BUTTE — The Butte-Silver Bow confirmed on Monday six additional COVID-19-related deaths.
All six deaths are associated with residents of The Springs at Butte assisted living facility. With the most recent deaths, Butte-Silver Bow has seen 47 fatalities overall, related to COVID-19.
Officials also said the county's COVID-19 Vaccine Distribution Plan has launched - Along with some of its Butte-Silver Bow Unified Health Command partners, the county Health Department is working on a COVID-19 Vaccine Distribution Plan, with a focus on three initial phases – phases 1A, 1B and 1C.
Health Officer Karen Sullivan said Monday that phase 1A is underway, with frontline healthcare workers and residents and staff of long-term care facilities and assisted living facilities as the focus of receiving the vaccine.
Unified Health Command partners include the Health Department, St. James Healthcare, Southwest Montana Community Health Center, and the North American Indian Alliance. All are registered with the state as providers in the distribution of the vaccine. Representatives of each entity are meeting at least weekly to further develop the local distribution plan.
St. James is distributing both the Pfizer-BioNTech and Moderna versions of the COVID-19 vaccine, while the Health Department, Community Health Center and NAIA are distributing the Moderna product. Phase 1A should continue through Feb. 26, Sullivan said.
Phase 1B should begin on or about Jan. 15 and continue through March 15. Recipients of this phase include people ages 75 and older; individuals residing in congregate care and correctional facilities; and American Indians and other people of color who may be at elevated risk for COVID-19 complications.
Phase 1B also includes frontline essential workers. Sullivan said these workers include first responders; education and childcare workers; IT, energy workers and federal employees associated with critical infrastructure; food and agriculture workers; manufacturing employees; corrections workers; U.S. Postal Service employees; public transit workers; grocery store employees; child and adult protective service workers who are at risk for exposure; and inspectors of congregate care facilities and similar settings.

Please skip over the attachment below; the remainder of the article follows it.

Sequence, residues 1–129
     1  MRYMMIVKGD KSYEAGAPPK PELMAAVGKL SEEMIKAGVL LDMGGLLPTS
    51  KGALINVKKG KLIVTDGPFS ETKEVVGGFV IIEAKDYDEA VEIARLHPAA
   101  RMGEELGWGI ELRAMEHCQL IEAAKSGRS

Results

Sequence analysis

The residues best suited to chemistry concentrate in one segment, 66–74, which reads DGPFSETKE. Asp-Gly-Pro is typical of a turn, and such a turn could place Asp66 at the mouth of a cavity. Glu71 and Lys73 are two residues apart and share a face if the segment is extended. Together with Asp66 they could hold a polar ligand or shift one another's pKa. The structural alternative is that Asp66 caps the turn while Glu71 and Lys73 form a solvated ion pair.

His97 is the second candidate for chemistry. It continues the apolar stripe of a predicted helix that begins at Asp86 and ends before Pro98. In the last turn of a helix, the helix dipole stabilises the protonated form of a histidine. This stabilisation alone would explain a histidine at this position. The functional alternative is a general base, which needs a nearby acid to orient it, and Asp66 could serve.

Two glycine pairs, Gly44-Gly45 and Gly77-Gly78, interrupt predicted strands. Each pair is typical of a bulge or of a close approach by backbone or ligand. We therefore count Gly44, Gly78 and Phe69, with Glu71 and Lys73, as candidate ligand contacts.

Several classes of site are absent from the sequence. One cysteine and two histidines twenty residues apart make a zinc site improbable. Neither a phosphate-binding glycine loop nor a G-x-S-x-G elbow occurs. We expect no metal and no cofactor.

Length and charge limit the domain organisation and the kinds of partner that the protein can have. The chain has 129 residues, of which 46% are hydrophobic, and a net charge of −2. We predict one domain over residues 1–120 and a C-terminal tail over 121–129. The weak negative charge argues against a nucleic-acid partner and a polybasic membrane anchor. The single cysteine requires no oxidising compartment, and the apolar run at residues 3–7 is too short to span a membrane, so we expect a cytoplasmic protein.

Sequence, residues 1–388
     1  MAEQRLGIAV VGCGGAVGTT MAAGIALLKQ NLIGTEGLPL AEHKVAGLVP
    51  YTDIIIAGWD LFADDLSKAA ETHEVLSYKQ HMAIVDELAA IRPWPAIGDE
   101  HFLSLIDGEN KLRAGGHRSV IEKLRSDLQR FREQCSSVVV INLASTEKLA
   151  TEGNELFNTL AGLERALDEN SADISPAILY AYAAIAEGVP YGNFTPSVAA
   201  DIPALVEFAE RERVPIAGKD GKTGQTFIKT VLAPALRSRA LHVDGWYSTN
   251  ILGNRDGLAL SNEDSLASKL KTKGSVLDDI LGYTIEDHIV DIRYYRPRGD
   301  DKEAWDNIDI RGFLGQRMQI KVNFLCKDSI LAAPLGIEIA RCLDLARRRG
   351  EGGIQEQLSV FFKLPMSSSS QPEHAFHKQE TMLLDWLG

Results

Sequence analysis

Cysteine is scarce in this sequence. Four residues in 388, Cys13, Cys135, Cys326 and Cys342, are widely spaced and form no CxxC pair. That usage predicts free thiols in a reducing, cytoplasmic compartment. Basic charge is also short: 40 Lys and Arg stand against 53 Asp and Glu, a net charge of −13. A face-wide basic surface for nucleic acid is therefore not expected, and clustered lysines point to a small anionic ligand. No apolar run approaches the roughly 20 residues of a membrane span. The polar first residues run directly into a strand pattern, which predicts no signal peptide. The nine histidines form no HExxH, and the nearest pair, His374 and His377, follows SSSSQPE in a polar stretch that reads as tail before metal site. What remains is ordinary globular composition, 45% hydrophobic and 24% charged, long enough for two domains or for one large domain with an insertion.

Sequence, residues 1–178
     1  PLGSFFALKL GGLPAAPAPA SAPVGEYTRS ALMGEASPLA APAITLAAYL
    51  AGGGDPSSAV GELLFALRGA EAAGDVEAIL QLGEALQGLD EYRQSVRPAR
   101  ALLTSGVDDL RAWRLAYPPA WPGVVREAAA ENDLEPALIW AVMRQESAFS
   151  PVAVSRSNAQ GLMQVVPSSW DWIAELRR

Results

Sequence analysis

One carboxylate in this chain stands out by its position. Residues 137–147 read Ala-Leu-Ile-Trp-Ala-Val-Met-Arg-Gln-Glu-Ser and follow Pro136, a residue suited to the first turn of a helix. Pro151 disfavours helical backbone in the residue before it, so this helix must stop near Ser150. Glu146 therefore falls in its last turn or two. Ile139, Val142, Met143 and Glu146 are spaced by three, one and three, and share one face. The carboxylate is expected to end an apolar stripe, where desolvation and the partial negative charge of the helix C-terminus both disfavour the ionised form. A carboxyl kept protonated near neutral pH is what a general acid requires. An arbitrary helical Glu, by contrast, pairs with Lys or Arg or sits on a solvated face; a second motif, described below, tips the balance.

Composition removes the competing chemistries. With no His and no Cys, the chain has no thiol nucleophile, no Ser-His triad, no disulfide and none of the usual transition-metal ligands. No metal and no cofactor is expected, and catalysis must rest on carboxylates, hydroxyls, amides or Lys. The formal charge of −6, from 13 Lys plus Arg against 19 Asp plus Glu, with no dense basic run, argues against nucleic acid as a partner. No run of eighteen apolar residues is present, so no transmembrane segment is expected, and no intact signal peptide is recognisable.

Phase 1C would begin on or about March 15 and extend through about July 15. Vaccine recipients in this stage will include people ages 65 and older and people ages 16 to 64 with high-risk medical conditions.
(The Pfizer and Moderna vaccines are not designated for pediatric populations. The Pfizer product may be distributed to those 16 and older, while the Moderna vaccine may be distributed to those 18 and older.)
Other recipients in Phase 1C include workers in the following sectors – transportation/logistics; food service; shelter, housing, and construction; finance; IT and communication; energy; legal; media; public safety; water and wastewater; and essential government personnel.
Phase 2 would follow, beginning in July 2021. This ongoing effort would target all remaining Montanans ages 16 or older.
Sullivan said sites for vaccine administration are still being developed, but generally will include St. James, smaller hospitals in Southwestern Montana, the Health Department, the community health center, the NAIA, and retail pharmacies.
The Health Department also on Monday issued its weekly data report. As of Sunday, Dec. 27, the department was reporting 2,934 positive cases in the county, since the county was informed of its first case on March 13. Of those, 2,793 have recovered, and 94 cases remain active.
For the week of Dec. 19-25, the Health Department reports 117 newly confirmed cases of COVID-19, down 37 cases from the previous week, when 154 new cases were reported.
“Moving into the new year, we are trending down, and that’s where we want to continue,” Sullivan said. Daily average cases for the week of Dec. 19-25 was 17, down from the previous week’s daily average cases of 22. Cases per 100,000 population for the week of Dec. 19-25 was 48, down from 63 the previous week. Sullivan said cases per 100,000 should be at 25 or below.
For the 117 newly confirmed cases during the week, 211 close contacts were identified. “This averages to fewer than two contacts per case – this limiting of contacts by residents is helping in a big way, as is the hard work by merchants and operators to limit capacity, close early and manage the wearing of face coverings by their customers,” Sullivan said.
For the time period of Dec. 10- to Dec. 16, the county’s test positivity rate was 13.40%. Sullivan said the Health Department continues to strive for a positivity rate of 5% or lower.